June 2018 Editorial Message

| June 1, 2018

Dear Colleagues:

Welcome to the June 2018 issue of The Journal of Clinical and Aesthetic Dermatology (JCAD). We lead this issue with a review by Klingbeil and Fertig titled “Eyebrow and Eyelash Hair Transplantation: A Systematic Review.” Here the authors investigated the etiologies of hair loss of the eyebrow and eyelash that required hair transplantation, as well as the optimal surgical technique, patient outcomes, and common complications. The authors found that most eyebrow and eyelash transplant patients reported in the literature were women with an average age of 29 years; burn injuries were the most common reasons for hair transplantation, and the most commonly used transplantation method was follicular unit technique.  

Next, in a case study by Sano et al titled “Distensibility and Gross Elasticity of the Skin at Various Body Sites and Association with Pathological Scarring: A Case Study,” the authors measured the skin of various body regions of five healthy adult volunteers to determine distensibility and elasticity. The authors proposed that greater knowledge regarding characteristics of skin at various body areas might improve skin incision and flap design techniques, aid in preventing the formation of cutaneous scars, and shed light on the causes and progression of pathological scars. The authors report that, for the most part, hard skin and regions of skin with poor distensibility did not appear to be prone to pathological scarring and that this information could be useful for dermatology surgeons. 

Next, Awosika et al present the results of their study titled “A Case-control Study to Evaluate the Prevalence of Nonalcoholic Fatty Liver Disease (NAFLD) Among Patients with Moderate-to-severe Psoriasis.” Here, the authors sought to establish an association between psoriasis and NAFLD among patients who presented to an outpatient dermatology clinic. The authors diagnosed NAFLD by ultrasonography after excluding secondary causes of liver disease and then assessed the associations between NAFLD and psoriasis and between NAFLD  and components of metabolic syndrome. The authors reportedly found that NAFLD was more prevalent in patients with psoriasis, though psoriasis was not associated with NAFLD when matched for age, sex, and body mass index (BMI). Among patients with psoriasis, those with NAFLD were more likely to have obesity as well as select components of metabolic syndrome, including hyperglycemia and hyperlipidemia. 

Following this, in a review article by Bravo et al titled, “Use of Hyaluronic Acid Fillers to Correct Scleral Show: A Review of Technique,” the authors present their clinic’s technique of using hyaluronic acid for the treatment of scleral show. The authors report that use of hyaluronic acid in the described manner is quick, noninvasive, and safe.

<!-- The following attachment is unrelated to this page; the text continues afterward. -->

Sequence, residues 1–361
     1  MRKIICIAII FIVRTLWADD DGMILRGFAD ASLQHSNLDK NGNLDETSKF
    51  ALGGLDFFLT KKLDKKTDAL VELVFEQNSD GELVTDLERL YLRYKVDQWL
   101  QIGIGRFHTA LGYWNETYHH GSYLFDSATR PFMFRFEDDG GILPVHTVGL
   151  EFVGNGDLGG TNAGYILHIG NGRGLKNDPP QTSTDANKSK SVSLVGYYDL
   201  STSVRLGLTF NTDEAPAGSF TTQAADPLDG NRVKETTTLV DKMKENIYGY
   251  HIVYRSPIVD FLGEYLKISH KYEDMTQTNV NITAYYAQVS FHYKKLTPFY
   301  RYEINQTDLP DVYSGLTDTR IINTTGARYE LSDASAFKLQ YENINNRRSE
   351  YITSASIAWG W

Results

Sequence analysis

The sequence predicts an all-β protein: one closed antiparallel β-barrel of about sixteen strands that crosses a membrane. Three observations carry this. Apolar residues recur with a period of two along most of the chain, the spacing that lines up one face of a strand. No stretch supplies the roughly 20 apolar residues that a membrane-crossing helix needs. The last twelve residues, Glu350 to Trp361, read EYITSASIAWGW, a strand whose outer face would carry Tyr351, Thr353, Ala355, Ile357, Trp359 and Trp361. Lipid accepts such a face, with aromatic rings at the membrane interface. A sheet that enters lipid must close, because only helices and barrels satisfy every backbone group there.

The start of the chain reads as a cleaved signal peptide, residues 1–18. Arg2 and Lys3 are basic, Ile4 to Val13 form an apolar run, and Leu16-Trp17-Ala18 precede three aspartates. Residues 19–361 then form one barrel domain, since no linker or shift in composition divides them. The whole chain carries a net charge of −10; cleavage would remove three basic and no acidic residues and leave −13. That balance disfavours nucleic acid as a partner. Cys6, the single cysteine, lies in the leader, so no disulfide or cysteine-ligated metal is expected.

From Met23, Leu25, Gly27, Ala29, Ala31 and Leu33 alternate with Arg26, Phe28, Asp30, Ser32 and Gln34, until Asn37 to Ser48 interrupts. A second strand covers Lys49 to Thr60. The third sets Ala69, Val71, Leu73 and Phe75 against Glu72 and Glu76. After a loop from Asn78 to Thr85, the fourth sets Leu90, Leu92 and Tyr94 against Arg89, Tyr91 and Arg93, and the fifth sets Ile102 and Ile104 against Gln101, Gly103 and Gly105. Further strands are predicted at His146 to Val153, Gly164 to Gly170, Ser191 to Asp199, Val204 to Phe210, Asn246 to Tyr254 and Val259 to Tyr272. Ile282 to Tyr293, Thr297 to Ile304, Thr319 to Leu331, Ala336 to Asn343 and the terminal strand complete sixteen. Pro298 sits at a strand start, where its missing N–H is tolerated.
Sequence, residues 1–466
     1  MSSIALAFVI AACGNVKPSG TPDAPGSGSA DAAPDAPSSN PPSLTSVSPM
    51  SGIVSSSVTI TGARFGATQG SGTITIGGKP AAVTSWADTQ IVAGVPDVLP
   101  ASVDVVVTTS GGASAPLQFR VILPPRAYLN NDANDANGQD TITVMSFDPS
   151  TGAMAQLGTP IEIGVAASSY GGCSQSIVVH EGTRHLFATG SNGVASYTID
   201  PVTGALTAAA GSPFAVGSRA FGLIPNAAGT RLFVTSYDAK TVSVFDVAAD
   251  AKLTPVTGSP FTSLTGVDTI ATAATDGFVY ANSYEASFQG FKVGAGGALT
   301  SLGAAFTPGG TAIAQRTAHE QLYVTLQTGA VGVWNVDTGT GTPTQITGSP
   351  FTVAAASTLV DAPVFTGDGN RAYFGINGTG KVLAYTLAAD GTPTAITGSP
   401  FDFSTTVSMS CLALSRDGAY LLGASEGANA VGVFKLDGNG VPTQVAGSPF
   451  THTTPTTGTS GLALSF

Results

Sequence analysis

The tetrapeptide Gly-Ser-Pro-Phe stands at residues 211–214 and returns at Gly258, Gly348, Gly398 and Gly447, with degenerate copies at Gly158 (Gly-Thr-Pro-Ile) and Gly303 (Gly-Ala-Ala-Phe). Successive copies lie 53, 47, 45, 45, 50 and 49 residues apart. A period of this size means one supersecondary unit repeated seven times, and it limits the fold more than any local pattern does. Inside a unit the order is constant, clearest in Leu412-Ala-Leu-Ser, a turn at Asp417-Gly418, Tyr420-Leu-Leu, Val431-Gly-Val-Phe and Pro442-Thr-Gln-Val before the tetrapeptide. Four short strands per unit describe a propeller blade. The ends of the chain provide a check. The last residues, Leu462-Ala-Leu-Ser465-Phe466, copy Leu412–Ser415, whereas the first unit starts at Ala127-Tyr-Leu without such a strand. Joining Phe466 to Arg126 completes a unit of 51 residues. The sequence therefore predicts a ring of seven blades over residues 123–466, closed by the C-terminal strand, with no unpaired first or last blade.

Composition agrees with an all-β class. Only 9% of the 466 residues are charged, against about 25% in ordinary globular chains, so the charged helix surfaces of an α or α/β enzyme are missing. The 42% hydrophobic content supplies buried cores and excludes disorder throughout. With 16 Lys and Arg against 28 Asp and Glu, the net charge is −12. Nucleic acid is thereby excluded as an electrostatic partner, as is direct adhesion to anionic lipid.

Next, in the article, “An Open-label, Single-center, Prospective Evaluation of a Novel Noninvasive Ultrasound Body Sculpting Device,” Dhillon et al evaluated the safety and the efficacy of an ultrasound device developed for noninvasive body contouring. Twenty adult patients with subcutaneous target region adipose fat thickness greater than 2.5cm were treated once with the device, and results were assessed by physicians and participants at Months 1, 2, and 3 post-treatment. Physician-based assessments classified 89.5 percent of subjects as “improved” within three months of treatment, and 89.5 percent of patients indicated their conditions to be either improved or much improved within this same time period. The authors concluded that the study device appears safe and effective in achieving noninvasive body contouring.

Following this, Jiang et al present their study, “Efficacy and Tolerability of an Acne Treatment Regimen with Antiaging Benefits in Adult Women: A Pilot Study.” Here, researchers assessed the clinical safety and efficacy of a novel acne treatment regimen in adult women with mild-to-moderate acne. Participants were treated twice daily with the study regimen (cleanser, acne cream, and rebalancing gel) for eight weeks. The authors reported that statistically significant clinical improvements were seen in both acne and aging parameters over time and that the regimen was well tolerated by the study subjects.

We hope you enjoy this issue of JCAD. As always, we welcome your submissions and feedback.

With regards,

James Q. Del Rosso, DO, FAOCD

Editor-in-Chief, Clinical Dermatology

Wm. Philip Werschler, MD, FAAD, FAACS

Editor-in-Chief, Aesthetic Dermatology

Seemal R. Desai, MD, FAAD

Associate Editor   

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